We have demonstrated the potential of GBLP probe design for applications with increased working distance, significant for lateral imaging probes, with a highly reduced impact of the refractive index of the probe’s environment and a significantly smaller size compared to BLP or GFP probes. These advantages make GBLP probes a tool worth considering for many imaging applications in biological and biomedical research, particularly for projects requiring micro endoscopes.

Author of the press release: Marcin Powęska

Note: The first results from “GRIN-ball-lens probes (GBLP)” modeling have already been shown at the 2018 and 2019 conferences:

– Karol Karnowski, Gavrielle R. Untracht, Michael J. Hackmann, Mingze Yang, Onur Cetinkaya, David D. Sampson, “Versatile, all-fiber, side viewing imaging probe for applications in catheter-based optical coherence tomography,” Photonics West, San Francisco, USA, Feb 2019, oral presentation;

– K. Karnowski, G. Untracht, M. Hackmann, M. Yang, O. Cetinkaya, and D. D. Sampson, “Versatile, monolithic imaging probes for catheter-based OCT,” 15th Conference on Optics Within Life Sciences, Rottnest Island, Australia, Nov. 2018, poster presentation.

The team responsible for these results started at the University of Western Australia (UWA), and work has now been completed within the following institutions: the Institute of Physical Chemistry, Polish Academy of Sciences and the University of Surrey, one of the authors only remaining at UWA.

Photos by: Karol Karnowski, PhD and Bartłomiej A. Bałamut, MSc

Photographers’ comment: One of the key components of the developed probes is a spherical surface on the tip of the fiber. In the photos, we used the imaging capabilities of such spherical elements (glass sphere).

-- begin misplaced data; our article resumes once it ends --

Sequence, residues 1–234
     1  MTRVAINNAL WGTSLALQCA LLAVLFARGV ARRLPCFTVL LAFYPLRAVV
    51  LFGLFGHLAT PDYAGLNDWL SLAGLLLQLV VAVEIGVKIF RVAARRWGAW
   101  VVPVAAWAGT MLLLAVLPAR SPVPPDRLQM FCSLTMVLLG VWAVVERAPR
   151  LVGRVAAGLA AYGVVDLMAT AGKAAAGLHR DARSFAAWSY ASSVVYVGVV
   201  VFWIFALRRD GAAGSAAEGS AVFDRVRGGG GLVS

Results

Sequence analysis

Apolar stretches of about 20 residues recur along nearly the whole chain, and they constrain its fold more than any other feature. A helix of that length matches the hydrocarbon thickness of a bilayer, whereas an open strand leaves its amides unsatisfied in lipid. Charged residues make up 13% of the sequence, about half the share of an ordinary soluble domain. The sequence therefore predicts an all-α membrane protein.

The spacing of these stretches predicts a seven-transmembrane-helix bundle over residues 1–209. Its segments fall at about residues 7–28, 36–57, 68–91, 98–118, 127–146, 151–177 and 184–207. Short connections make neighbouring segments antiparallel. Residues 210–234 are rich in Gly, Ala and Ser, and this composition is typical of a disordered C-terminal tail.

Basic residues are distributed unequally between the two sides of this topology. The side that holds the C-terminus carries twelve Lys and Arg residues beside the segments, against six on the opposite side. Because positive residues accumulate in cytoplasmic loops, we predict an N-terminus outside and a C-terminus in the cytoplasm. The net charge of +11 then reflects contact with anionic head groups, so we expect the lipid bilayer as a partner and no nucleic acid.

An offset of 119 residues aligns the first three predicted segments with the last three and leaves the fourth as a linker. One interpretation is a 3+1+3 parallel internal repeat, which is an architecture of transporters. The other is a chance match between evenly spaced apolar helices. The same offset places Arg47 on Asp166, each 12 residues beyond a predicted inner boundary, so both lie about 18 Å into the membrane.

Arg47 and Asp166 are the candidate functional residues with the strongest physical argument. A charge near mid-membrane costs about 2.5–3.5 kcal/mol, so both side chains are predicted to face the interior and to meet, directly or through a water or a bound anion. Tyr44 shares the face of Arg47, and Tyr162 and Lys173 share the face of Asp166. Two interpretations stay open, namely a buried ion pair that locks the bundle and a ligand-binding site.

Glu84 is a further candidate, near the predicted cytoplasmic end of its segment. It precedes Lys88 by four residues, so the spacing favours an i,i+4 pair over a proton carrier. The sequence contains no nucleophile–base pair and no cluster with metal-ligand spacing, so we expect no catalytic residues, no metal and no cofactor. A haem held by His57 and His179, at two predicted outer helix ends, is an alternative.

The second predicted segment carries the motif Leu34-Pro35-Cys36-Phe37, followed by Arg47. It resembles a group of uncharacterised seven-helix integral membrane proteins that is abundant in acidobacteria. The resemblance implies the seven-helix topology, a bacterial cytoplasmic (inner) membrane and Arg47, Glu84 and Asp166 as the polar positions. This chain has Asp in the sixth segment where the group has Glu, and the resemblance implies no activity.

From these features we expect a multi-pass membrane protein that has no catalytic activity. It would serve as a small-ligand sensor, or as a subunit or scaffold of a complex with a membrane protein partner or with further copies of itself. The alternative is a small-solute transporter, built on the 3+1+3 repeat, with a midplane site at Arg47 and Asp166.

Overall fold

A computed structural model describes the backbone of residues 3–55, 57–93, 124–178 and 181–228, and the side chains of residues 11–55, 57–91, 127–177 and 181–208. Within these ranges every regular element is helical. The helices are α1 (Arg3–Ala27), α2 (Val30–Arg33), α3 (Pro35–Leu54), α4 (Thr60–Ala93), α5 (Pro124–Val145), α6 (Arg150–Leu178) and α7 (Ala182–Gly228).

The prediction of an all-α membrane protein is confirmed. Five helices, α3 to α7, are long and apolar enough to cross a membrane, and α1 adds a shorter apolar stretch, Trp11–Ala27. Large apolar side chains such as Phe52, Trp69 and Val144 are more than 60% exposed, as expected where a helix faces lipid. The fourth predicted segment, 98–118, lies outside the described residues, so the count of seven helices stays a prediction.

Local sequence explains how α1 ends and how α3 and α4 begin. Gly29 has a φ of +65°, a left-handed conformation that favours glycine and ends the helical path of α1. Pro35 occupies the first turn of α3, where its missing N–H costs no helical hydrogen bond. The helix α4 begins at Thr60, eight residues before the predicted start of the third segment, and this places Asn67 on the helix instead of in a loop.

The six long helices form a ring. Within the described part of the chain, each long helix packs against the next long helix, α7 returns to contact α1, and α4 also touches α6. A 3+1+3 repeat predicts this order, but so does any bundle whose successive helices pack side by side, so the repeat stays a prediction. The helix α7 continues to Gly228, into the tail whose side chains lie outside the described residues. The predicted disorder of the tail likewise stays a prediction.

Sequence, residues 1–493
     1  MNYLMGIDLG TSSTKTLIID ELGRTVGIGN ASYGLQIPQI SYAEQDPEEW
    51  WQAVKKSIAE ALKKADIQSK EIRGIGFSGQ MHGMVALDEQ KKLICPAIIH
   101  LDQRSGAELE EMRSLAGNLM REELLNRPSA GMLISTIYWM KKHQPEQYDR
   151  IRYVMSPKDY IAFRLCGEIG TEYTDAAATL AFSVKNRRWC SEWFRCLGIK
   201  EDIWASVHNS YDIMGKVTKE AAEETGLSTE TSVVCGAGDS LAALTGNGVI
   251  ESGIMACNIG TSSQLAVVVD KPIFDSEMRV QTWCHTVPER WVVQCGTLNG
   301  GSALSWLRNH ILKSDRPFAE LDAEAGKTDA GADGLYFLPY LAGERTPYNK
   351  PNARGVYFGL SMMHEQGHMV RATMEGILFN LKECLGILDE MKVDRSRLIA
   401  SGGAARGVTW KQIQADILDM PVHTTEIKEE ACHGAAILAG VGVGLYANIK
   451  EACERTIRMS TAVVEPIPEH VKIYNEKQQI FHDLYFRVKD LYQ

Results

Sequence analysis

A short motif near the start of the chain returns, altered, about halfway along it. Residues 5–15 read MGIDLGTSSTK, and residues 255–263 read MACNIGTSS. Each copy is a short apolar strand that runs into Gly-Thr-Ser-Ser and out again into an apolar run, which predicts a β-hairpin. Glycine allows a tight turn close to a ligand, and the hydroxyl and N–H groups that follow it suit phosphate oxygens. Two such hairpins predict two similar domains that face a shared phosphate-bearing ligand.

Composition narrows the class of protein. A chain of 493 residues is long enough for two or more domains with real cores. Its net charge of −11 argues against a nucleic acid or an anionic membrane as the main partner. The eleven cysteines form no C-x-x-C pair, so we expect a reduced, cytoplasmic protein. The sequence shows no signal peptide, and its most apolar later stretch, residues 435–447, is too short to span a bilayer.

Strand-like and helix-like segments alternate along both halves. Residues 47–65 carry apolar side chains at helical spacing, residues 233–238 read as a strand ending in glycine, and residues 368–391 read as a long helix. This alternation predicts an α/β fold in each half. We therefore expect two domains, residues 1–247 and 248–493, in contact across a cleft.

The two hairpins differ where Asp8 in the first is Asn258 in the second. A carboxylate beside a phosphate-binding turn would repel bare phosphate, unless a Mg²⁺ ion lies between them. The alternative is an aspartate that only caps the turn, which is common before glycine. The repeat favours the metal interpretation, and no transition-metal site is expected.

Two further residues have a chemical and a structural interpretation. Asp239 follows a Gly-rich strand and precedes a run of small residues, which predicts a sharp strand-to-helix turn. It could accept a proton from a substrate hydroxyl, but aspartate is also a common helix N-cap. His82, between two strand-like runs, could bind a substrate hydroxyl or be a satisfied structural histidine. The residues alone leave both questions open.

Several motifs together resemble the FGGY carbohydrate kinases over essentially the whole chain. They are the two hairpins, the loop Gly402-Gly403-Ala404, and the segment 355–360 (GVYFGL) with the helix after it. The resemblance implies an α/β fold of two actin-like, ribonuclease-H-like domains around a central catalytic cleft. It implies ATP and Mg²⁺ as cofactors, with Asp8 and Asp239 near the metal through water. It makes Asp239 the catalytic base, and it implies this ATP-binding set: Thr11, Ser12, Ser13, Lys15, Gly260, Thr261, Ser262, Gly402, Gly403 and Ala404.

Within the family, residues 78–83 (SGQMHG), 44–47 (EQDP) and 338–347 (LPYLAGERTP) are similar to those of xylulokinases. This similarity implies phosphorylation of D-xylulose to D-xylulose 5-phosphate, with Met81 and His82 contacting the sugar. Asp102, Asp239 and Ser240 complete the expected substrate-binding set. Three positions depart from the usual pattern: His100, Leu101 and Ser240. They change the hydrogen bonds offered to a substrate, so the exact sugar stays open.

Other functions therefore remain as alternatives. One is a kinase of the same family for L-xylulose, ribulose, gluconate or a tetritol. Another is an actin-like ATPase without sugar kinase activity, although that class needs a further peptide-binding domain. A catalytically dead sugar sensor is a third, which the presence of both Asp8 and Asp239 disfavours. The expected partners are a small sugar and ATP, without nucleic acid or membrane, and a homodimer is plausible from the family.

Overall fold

Cited paper: K. Karnowski, G. Untracht, M. Hackmann, O. Cetinkaya and D. Sampson, “Superior Imaging Performance of All-Fiber, Two-Focusing-Element Microendoscopes,” in IEEE Photonics Journal, vol. 14, no. 5, pp. 1-10, Oct. 2022, Art no. 7152210, doi: 10.1109/JPHOT.2022.3203219.

Funding sources:

  • Polish National Agency for Academic Exchange (NAWA) through the Polish Returns Program
  • University of Western Australia IPRS  
  • Rank Prize Covid Fund 
  • Australian Research Council  
  • University of Surrey 
Photo: Karol Karnowski
DOI Number:

World Sight Day 2021

The main aim of our Institute is to revolutionize the diagnostics and treatment of eye diseases. Today, during World Sight Day 2021, special public awareness is raised on blindness and vision impairment as major international public health issues.

Want to explore more – visit World Sight Day website – https://www.iapb.org/world-sight-day/


What can we, individuals do on World Sight Day (and better on daily basis)?

  • encourage 50+family members and friends to have regular sight checks so potential diseases are diagnosed early,
  • if you spend hours in front of screens (laptops, phones, …) remember to make a small break every 20-30 minutes to look at a far distance (about 6 or more meters) for 20 seconds. This will provide some relax to our eyes,
  • you can also have a closer look at your diet. Antioxidant, vitamin and microelements reach products as yellow, orange and green veggies contain lutein that has beneficial effects for retina function. Choose omega-3 acid products (fat sea fish, legume and Italian nuts). Blueberries, pumpkins, apricot are good sources of antioxidants.


A decade ago, two scientists from our Institute – prof. Wojtkowski and dr Karnowski – published the world’s first air-puff Optical Coherence Tomography research [1]. The proposed method for direct measurements of apex corneal deformation was explored in several follow-up studies [2-4].